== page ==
Big World, Big Mistake
I made a grievous error on vacation this week. One which I expect will have ramifications for years to come, if not for the rest of my life.
We had decided to skip the standard tourist Florida fare and be a little unconventional. Staying at the Hard Rock Hotel, surrounded by such rock 'n roll memorabilia as Elton John's platform boots and Spinal Tap's Flying-V guitar, we seemed to be off the beaten path.
We bypassed Epcot and Disneyworld, choosing instead a Jazz Club and the Orlando Science Center.
Wanting to see alligators, we chose a wildlife preserve instead of one of the many "watch-the-crazy-man-stick-his-head-in-the-gator's-mouth" places.
I felt pretty good about the choices we'd been making. However, I did want to go snorkeling. Although that activity seemed pretty touristy, I felt that it was adventurous enough to be acceptable.
At dinner, while surrounded by family members who were unknown to me mere hours before, I mentioned my intentions. Most nodded in agreement, but one outspoken second-cousin-in-law told me I'd regret the choice.
I was pretty certain I wouldn't, but she pressed the issue. She said that snorkeling was largely unsatisfying. That it was voyeuristic, distant, and - worst of all - non-interactive. "Scuba diving," she said, "is what you should be doing."
The idea was tempting. But then reality set in. "I'm not certified," I protested. "I wouldn't be allowed to go."
She explained that there are many places in Florida that offer crash courses. A bit of training, and - before you know it - you're in the water.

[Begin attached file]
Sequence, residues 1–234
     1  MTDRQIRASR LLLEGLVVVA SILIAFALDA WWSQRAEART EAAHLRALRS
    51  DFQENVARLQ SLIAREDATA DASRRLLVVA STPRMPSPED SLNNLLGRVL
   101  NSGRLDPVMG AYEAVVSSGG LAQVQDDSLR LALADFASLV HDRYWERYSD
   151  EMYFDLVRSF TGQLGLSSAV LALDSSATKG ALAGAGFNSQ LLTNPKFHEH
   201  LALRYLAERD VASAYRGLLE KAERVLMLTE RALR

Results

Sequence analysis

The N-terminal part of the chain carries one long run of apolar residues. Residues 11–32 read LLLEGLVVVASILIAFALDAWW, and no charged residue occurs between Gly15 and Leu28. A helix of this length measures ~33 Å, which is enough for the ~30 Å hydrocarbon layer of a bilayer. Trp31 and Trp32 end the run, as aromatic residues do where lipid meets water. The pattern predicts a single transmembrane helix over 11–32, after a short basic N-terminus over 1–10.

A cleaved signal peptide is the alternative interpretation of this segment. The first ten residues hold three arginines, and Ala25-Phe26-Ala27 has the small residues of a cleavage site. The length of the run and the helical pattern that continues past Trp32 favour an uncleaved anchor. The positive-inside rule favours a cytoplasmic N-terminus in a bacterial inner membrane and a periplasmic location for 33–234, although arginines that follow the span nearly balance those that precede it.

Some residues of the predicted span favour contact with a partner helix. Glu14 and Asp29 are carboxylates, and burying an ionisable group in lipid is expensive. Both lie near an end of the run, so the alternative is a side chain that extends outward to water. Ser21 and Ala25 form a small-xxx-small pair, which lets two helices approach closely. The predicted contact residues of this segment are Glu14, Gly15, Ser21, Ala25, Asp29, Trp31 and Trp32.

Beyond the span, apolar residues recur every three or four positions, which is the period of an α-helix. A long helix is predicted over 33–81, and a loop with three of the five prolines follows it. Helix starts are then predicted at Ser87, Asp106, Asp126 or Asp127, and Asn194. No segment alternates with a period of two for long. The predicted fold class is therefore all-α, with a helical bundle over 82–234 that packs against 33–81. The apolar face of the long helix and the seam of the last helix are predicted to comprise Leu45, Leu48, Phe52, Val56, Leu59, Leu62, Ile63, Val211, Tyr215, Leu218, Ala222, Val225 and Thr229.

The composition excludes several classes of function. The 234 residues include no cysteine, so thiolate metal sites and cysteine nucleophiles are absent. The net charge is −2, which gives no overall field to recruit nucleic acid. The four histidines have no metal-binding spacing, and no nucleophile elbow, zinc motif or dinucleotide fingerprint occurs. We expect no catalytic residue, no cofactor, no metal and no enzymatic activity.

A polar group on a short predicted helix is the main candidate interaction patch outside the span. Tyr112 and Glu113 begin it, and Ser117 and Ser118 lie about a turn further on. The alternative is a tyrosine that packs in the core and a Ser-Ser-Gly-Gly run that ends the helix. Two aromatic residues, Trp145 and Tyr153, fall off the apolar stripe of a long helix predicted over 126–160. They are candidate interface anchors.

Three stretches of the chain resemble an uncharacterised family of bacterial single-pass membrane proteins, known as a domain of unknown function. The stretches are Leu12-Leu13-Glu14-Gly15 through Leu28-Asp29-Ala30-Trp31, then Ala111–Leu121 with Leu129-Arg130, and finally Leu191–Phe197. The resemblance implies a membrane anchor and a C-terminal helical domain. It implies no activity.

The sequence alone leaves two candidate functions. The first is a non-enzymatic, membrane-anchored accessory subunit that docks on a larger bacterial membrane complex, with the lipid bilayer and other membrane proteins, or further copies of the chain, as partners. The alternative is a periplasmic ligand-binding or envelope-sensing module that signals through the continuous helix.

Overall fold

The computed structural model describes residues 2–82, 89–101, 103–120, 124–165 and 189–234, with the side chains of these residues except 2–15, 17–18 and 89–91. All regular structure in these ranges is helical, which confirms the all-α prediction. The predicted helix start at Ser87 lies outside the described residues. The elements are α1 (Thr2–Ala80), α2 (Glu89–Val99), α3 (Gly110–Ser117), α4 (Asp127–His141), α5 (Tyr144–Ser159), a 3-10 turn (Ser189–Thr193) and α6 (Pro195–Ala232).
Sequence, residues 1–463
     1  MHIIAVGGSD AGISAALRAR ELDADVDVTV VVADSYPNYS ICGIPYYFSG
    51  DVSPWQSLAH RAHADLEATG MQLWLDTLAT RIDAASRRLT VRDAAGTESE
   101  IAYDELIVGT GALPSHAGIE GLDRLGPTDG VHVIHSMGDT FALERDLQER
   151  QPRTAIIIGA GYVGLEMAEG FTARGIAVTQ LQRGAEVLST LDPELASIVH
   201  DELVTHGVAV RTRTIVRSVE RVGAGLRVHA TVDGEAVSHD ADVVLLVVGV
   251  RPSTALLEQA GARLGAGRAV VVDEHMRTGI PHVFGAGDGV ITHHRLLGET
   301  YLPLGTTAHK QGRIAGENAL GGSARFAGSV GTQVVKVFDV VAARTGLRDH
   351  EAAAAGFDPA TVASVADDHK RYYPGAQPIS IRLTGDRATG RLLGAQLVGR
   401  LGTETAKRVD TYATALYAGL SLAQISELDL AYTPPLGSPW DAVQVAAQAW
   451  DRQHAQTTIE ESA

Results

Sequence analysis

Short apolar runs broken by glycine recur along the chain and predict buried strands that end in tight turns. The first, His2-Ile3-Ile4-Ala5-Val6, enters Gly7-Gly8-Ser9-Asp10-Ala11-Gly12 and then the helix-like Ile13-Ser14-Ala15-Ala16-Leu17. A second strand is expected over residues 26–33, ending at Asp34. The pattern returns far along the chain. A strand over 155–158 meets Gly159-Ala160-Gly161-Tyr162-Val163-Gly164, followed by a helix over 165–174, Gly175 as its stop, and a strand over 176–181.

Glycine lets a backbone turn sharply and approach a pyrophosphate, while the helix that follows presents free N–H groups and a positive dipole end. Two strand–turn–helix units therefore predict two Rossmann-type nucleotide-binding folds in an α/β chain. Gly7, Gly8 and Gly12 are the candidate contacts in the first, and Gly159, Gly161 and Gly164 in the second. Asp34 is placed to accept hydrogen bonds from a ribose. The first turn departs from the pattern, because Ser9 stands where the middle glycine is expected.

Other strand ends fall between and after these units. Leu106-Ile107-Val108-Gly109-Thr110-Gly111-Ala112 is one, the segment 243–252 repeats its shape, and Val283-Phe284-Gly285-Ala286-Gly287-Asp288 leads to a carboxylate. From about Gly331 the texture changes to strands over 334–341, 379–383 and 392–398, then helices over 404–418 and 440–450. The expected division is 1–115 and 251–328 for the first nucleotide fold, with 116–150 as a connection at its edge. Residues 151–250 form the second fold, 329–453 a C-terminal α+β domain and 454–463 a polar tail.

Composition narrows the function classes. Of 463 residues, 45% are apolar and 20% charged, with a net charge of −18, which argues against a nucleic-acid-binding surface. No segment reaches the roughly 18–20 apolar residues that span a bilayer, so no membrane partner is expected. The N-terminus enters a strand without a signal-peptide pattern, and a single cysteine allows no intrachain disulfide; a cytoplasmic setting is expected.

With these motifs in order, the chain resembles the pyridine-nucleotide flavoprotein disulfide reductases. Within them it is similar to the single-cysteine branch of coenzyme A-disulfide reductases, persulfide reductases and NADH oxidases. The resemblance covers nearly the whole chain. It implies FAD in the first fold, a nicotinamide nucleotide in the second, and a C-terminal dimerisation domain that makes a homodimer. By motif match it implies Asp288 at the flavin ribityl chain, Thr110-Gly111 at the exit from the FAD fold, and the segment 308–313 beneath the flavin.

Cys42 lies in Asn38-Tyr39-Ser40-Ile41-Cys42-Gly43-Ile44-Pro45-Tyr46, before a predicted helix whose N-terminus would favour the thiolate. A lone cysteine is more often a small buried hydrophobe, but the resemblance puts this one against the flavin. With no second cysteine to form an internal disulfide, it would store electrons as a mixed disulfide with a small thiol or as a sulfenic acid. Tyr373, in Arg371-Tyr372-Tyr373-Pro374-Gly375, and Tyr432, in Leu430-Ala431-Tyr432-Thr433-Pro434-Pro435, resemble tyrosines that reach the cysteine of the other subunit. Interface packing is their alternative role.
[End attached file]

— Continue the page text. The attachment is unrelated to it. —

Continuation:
She went on to describe the ocean as a doorway to another world. That scuba diving was like being Superman, flying weighlessly over the terrain of an alien planet. That it was incomparable to anything else I'd ever do.
Intrigued, I acquiesced.
Back at the hotel, I found a place and made the call. I was booked for private instruction on Sunday afternoon. After some training, I would be exploring a coastal reef and a century-old shipwreck.
This I did.
I don't have any desire to try to articulate the experience. But I do need to focus in on one disastrous moment, an instant when something happened which can only be described as terribly costly.
In about 20 feet of water, while examining fish of inestimable number and infinite variety, something hit me hard.
It wasn't the shark which I'd see several minutes later.
It wasn't the boat, anchored high overhead which had struck me.
Was it an embolism? A case of the bends? A coronoary infarction? No...
It was an addiction.